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The Deal (August 14/05)

That first-time screenwriter Ruth Epstein worked for years as a broker on Wall Street doesn't come as much of a surprise, as - if nothing else - The Deal features dialogue that sounds authentic. But therein lies the film's most obvious problem: because Epstein places the emphasis on complex business terms and a plot that doesn't make a lick of sense, The Deal comes off as a remarkably dull economics lecture posing as a corporate thriller.

The Deal is set in an alternate reality where America is at war with the Confederation of Arab States, resulting in escalating gas prices (six bucks a gallon!) and growing insecurity among financial types. Tom Hanson (Christian Slater) is an investment banker who, after the death of a close friend, finds himself assigned a billion-dollar deal involving the purchase of oil from a Russian firm called Black Star. Assisting him is idealistic Harvard grad Abbey Gallagher (Selma Blair), while opposition appears in the form of a ruthless co-worker named Hank Weiss (Colm Feore). Also thrown into the mix are a shady businessman (Robert Loggia) and Tom's mysterious girlfriend (Angie Harmon).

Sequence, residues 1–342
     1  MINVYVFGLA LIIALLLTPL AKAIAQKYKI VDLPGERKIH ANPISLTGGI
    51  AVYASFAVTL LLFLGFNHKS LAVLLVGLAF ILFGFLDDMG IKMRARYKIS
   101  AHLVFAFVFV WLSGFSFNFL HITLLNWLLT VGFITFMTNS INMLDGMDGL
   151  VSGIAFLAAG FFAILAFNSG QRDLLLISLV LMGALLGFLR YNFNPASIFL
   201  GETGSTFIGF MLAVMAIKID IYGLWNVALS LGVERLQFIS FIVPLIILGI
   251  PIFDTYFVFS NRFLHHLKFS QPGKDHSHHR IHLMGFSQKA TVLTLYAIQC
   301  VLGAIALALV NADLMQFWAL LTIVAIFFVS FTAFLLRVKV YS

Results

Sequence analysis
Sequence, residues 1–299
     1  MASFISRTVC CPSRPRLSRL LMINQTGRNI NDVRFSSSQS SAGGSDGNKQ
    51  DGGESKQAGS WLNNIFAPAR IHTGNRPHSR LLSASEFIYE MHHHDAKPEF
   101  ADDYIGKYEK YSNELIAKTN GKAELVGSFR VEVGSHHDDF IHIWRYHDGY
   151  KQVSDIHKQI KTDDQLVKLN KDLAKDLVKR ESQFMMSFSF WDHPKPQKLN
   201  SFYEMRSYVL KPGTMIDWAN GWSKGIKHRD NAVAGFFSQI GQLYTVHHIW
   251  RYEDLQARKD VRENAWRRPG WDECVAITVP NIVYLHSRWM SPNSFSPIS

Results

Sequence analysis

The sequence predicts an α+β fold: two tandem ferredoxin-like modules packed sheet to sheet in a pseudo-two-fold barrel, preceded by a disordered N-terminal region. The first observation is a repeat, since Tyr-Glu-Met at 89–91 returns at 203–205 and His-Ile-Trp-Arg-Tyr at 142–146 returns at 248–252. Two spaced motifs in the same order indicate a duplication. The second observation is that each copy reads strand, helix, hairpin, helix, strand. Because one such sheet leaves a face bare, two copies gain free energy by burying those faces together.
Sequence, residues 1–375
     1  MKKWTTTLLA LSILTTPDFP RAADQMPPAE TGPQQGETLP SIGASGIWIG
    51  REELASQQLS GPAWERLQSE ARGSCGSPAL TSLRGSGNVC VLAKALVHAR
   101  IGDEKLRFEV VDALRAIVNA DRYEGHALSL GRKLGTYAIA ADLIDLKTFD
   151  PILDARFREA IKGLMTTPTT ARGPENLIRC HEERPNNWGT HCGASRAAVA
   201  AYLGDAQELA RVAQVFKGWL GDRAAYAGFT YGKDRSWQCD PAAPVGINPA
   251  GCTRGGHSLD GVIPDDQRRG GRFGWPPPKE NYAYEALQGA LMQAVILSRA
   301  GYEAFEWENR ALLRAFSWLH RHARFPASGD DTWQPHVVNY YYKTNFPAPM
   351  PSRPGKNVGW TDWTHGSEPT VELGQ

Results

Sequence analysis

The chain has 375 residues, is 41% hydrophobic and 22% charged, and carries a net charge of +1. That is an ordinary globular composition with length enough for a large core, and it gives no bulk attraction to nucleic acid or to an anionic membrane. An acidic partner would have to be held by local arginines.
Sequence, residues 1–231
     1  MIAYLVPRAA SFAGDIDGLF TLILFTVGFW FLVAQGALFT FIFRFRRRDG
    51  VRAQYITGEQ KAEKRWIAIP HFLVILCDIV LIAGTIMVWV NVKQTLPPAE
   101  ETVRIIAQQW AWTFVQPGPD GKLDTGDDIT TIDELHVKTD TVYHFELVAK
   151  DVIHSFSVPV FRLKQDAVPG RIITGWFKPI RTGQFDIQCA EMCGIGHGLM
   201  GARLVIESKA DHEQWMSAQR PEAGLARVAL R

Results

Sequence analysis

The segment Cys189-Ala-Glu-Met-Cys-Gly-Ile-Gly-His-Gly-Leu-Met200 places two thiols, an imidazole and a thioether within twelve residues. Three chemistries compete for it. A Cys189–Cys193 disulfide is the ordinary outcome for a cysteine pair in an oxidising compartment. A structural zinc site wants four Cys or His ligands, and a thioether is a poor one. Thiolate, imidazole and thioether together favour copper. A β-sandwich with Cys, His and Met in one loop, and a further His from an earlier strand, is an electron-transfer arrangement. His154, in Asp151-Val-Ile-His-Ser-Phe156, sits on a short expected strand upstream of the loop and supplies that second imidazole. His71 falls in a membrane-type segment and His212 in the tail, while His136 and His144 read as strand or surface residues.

Aside from the fact that large chunks of The Deal are simply incoherent (something that's exacerbated by the free use of baffling terms such as "valuation parameters," "high beta," and "fairness opinions"), Epstein imbues the storyline with some seriously cliched instances of dialogue and plotting (ie at one point a character actually says, "welcome to the real world!"). Epstein sticks to the how-to-write-a-thriller rulebook so closely, there's not a single surprise or twist we can't see coming a mile away. Add to that the fact that we've got absolutely nothing invested in this situation or any of the characters, and you've got a recipe for an astoundingly dull little flick.

out of

About the DVD: The Deal is presented by Sony Pictures Home Entertainment with a letterboxed transfer, along with some bonus trailers.